from 1876 to 1896. The Union Evangelical church was incorporated in 1888, and the Methodist Episcopal not until
1895. In 1897 the Union Evangelical church deeded the house of worship to the Wesleyan Methodist church, which
ten years later deeded it to the Methodist Episcopal church. The latter is, except for the Episcopalians, in sole
occupancy of the field.
A Methodist Episcopal organization has existed at Merrillsville for three-quarters of a century or more, supplied
at first by the pastor of the church at Saranac, and now Vermontville. The present church edifice at this point
was built about twenty years ago.
Notice that an application would be made to the supervisors to divide the town was published in 1859. The new town,
to consist of the west half, was to be called Con cord But there was not town concord in the matter, and the project
died without even having been presented to the supervisors. The opposition was political.
John B. Secor, a horse buyer from Westchester county, was shot and killed in the town of Franklin, between Hatch's
and Loon Lake, June 6, 1853, by James Madison Bicklord of Dickinson. Bickford was at a prayer meeting at the latter
place when he saw Secor and a companion ride past, and, leaving the meeting, persuaded Thomas Cook, a mere boy,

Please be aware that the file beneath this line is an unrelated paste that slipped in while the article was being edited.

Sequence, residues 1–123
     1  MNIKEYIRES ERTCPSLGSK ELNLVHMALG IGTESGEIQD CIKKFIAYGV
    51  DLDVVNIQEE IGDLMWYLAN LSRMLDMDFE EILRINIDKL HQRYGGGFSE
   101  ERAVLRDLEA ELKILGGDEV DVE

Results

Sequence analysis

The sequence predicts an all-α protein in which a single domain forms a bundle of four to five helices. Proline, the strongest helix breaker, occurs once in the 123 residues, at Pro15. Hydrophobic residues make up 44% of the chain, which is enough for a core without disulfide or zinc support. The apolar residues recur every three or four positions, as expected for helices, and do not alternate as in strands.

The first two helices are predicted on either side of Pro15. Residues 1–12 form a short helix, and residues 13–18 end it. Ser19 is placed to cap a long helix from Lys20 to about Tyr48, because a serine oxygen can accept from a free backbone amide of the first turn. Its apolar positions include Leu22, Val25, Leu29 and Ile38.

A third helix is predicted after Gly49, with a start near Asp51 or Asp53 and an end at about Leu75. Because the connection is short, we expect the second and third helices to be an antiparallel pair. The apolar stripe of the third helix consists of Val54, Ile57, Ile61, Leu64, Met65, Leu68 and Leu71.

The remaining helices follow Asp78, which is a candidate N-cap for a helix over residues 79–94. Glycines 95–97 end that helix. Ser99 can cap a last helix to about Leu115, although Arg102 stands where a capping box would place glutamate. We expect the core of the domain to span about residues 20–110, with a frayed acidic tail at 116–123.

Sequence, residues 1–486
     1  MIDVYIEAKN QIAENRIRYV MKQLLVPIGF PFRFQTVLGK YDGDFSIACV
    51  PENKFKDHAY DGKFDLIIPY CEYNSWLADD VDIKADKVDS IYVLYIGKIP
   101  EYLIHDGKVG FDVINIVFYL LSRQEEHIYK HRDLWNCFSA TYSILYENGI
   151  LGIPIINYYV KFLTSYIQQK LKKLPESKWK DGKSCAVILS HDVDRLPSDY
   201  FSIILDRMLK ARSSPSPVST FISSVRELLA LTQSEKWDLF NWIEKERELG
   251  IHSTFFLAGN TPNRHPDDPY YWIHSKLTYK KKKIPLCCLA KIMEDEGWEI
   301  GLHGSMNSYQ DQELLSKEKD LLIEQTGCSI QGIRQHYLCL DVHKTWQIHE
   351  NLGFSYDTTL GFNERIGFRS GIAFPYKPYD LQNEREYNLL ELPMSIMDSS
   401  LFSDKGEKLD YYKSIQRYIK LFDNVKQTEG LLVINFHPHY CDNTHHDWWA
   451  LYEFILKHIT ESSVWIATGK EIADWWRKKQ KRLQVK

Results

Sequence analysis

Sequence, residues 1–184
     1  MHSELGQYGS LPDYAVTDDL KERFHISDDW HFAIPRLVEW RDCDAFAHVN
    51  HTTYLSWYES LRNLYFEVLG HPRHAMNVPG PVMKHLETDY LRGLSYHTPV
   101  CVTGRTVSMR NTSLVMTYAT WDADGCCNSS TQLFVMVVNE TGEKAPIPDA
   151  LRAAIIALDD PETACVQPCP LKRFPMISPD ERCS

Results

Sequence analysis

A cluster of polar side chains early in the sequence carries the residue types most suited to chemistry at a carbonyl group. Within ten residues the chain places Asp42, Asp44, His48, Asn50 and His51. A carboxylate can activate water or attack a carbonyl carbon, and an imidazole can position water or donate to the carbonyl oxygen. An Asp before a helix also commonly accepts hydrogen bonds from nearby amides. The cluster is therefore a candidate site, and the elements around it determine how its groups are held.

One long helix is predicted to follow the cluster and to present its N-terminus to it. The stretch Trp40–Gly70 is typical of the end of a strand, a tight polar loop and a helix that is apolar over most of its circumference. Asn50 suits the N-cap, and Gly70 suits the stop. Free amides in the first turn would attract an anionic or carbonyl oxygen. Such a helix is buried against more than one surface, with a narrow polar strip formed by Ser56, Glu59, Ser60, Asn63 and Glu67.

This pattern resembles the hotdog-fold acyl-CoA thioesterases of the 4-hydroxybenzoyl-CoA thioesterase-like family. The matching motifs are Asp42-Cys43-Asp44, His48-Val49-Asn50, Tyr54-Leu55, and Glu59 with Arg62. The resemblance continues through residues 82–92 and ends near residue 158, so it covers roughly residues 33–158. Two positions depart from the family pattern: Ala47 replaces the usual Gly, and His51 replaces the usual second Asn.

to accompany him, and followed the men, whom they passed somewhere in Duane. At the point of the tragedy in Franklin
they awaited the appearance of Secor and his companion, and upon their arrival Bickford, in ambush at the side
of the road, took Secor's life. The companion fled and gave the alarm. Bickford and Cook were apprehended the next
day in Burke, the former having Secor's purse and watch in his possession. On the trial, a year later, Secor's
friend identified Bickford and Secor's property, and conviction was a matter of course. Bickford was hung September
22, 1854, and his father denounced the execution as a murder. Cook wished to plead guilty, but a trial was insisted
upon by the court, resulting in a conviction and a death sentence - which was commuted to life imprisonment, with
a pardon granted later. Cook returned to Dickinson, married, and one night, forty-odd years ago, when he was in
bed and asleep some one placed a keg of powder under the bed, and fired it. Cook was killed.